The Bond Market Association selects NEC and Niteo Partners to help get its securities-master database underway.
The Bond Market Association has taken a big step forward in its quest to develop a securities-master database for fixed-income data. The initiative began in August of 2001 under the direction of the BMA's Online Bond Steering Committee.
Joseph Sack, executive vice president of the BMA and staff adviser for the committee, says the BMA has selected NEC as its hosting facility to store the security information.
But, of course, hosting the facility for the information is not the most complicated part of the equation. So, the BMA has also enlisted the help of Niteo Partners, a technology-focused consulting firm and wholly owned subsidiary of NEC, for connectivity help. Niteo will work with the BMA and the sources of the descriptive information to figure out the best way to get the information, store it and make it available to users, says Sack.
"It was a matter of matching up experts in connectivity on behalf of the BMA," explains Sack. "We needed IT experts to help establish how information will flow from one place to another and make sure it will be accurate and meaningful when it is received and consistent with the parameters." He says that these sources include electronic-syndicate platforms, as well as certain member firms that will be providing the descriptions for the securities-master database.
The securities-master database will identify and describe a standard set of details around bond issues. The BMA plans to launch the database as a sort of portal to deliver descriptive information on bonds through a central, standardized database. By standardizing the bond descriptions, the BMA aims to streamline the process of distributing and accessing descriptions of new bond issues - from CUSIP information to yields and other terms.
Sack says that firms would then be able to refer calls, which sometimes can number in the hundreds, to the hosting-facility's portal where they could access the information in a standardized format. Currently, firms have to deal with multiple information sources for the descriptions, which may not be consistent or complete.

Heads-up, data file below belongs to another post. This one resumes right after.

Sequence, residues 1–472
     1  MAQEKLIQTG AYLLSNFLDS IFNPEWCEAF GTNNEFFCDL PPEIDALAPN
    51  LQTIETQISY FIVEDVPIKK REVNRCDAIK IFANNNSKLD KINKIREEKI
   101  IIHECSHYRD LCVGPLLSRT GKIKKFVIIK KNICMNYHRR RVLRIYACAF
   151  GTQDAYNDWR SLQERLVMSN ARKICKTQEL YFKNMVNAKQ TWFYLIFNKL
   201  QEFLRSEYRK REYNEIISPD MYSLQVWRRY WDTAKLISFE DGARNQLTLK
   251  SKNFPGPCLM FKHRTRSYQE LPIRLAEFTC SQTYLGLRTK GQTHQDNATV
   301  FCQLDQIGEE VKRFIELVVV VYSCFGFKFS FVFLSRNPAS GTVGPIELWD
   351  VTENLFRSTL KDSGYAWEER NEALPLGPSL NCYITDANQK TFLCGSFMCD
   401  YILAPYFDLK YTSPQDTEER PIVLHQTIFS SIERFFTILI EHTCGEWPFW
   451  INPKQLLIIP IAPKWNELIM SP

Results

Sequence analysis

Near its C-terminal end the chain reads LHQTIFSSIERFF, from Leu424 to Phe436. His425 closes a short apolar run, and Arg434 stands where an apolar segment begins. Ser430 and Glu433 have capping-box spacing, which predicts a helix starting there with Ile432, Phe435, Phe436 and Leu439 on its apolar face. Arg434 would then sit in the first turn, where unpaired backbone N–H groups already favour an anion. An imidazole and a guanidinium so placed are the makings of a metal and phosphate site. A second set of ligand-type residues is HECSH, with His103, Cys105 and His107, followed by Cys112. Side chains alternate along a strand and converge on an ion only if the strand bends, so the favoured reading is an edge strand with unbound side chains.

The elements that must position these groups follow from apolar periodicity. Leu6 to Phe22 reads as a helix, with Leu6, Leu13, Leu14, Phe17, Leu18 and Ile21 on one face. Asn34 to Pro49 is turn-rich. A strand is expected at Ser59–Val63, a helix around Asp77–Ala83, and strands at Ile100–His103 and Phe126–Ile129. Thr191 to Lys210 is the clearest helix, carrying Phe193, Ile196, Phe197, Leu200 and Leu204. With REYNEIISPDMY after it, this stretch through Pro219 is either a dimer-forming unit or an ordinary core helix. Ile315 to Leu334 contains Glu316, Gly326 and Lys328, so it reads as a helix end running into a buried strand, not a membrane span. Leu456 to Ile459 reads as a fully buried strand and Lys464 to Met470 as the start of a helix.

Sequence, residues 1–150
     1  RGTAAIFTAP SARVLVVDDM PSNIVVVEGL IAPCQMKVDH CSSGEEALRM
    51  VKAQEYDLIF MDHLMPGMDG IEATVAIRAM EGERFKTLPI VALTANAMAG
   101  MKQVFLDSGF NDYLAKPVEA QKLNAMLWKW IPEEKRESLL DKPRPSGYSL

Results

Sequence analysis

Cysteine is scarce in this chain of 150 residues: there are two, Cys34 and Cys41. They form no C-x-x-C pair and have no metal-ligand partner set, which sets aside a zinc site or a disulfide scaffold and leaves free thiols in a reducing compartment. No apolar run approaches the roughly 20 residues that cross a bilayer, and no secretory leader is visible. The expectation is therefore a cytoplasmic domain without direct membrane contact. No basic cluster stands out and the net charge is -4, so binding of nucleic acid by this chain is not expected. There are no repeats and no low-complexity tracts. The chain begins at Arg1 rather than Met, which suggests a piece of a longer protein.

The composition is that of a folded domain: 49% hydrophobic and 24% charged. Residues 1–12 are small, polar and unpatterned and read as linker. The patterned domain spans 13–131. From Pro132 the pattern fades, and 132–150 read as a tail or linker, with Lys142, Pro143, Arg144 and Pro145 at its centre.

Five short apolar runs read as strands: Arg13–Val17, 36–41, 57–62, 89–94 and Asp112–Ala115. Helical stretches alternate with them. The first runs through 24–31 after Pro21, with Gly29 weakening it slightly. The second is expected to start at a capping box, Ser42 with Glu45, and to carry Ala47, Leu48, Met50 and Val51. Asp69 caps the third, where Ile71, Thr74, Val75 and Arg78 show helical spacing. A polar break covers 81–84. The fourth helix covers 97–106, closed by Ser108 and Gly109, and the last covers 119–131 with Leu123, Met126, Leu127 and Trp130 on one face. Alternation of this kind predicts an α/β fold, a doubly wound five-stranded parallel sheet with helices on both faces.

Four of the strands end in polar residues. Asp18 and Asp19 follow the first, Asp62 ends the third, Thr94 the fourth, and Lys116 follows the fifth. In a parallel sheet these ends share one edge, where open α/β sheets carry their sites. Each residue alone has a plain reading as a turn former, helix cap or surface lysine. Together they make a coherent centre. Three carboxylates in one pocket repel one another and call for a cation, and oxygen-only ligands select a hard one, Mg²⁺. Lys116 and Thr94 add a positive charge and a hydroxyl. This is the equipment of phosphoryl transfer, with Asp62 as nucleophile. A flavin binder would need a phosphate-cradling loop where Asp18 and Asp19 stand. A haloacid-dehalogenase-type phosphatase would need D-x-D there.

"We think it's extremely important for us to have fixed-income-product information in a centralized place for new issues," says Peter Murray, managing director of the Americas operations at Credit Suisse First Boston. He says that currently there are various vendor sources available for information on new fixed-income issues, which traders subscribe to, but often the information is not totally accurate or the complete set of information that they are looking for.
"On some of these bond deals there is information that is not always available from the vendors, maybe they don't capture that information or it's not one of the critical fields that they pick up," says Murray. "So through the securities-master database, the information will be available based on the criteria set up by the bond market and the dealers."
Sack estimates that within three to six months the database service will be ready to begin populating new issues. Initially, the focus will be on municipal bonds and corporate securities but ultimately that will be extended to cover all fixed-income securities. And by the middle of next year, Sacks says, the group will have a better idea of when the database will be live and usable.
"Quality is very important and we need to gain the confidence of the bond-market community," says Sack.
"The primary users of the database would be the BMA-member firms," he says. "And we will give them a choice whether to automatically receive the information on a regular basis or to access it whenever they need it."
Sack says that the information will be made available free of charge to member firms, as they are the ones providing the information and funding the initiative. Eventually, non-member firms and vendors will also have access to the information and will be charged yet-to-be-determined amounts to cover the costs of providing the service.